The Amida Order is an group of people with a life long commitment to each other, and to the continuation of Amida-shu. They live their lives following basic Buddhist ethics. The Order consists of both lay and ordained members. The head of the Order is Dharmavidya, David Brazier. The Deputy Head is Acharya Modgala.
As of January 2016 there are 47 Order members. 22 of those are ordained.
The Amida Order came into being in the summer of 1998 when three people took bodhisattva vows with Dharmavidya. Initially the intention was not so much to create a new Sangha as to allow those who wished to do so to affirm their commitment to full time Buddhist training in a socially engaged context. Over the intervening years the Sangha has developed and the Order has clarified its orientation and structure and given birth to Amida-shu.
The position now, therefore, is that a religious order exists at the core of Amida-shu and this order has a number of distinctive features:
- The Order embodies complete equality between men and women.
- There are alternative ordination tracks as well as lay membership permitting different lifestyles.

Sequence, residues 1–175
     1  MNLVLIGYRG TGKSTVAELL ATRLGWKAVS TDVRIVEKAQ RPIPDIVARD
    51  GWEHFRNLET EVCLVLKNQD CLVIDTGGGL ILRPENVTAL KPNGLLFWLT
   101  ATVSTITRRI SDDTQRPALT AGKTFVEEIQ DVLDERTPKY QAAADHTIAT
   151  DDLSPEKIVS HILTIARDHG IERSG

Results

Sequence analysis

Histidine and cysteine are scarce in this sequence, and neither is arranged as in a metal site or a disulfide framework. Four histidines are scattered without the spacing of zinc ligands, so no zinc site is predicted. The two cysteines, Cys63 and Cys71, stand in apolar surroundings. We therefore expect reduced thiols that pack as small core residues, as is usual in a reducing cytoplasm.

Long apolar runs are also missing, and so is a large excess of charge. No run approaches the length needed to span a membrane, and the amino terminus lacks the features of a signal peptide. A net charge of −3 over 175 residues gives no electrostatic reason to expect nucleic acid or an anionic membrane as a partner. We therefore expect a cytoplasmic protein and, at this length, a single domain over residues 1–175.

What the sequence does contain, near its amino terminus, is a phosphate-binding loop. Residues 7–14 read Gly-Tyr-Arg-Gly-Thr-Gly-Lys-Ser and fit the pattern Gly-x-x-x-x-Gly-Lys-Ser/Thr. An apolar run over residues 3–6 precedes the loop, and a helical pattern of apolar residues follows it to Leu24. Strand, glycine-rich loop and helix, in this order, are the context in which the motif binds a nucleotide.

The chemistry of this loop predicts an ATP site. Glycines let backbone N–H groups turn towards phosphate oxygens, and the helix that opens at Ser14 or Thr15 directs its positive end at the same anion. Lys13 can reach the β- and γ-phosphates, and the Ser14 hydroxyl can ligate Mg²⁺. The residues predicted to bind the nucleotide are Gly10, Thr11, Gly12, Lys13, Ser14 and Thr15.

- Options exist for celibate, and non-celibate persons.
- The Order is politically aware and socially engaged.
- It develops individuals and teams.
- It is deeply respectful of its Asian origins, yet as a new foundation has organisational flexibility.
- It has its own code of precepts for ordained members.
The Order consists of members of Amida-shu who have (a) become ordained, or (b) perform important functions, roles, or responsibilities for or within Amida-shu, or have done so in the past. Entry is by invitation. New members are people who are aligned to the Amida-shu vision and whose life accords with basic Buddhist ethics, though it is not a requirement that lay members formally take particular precepts.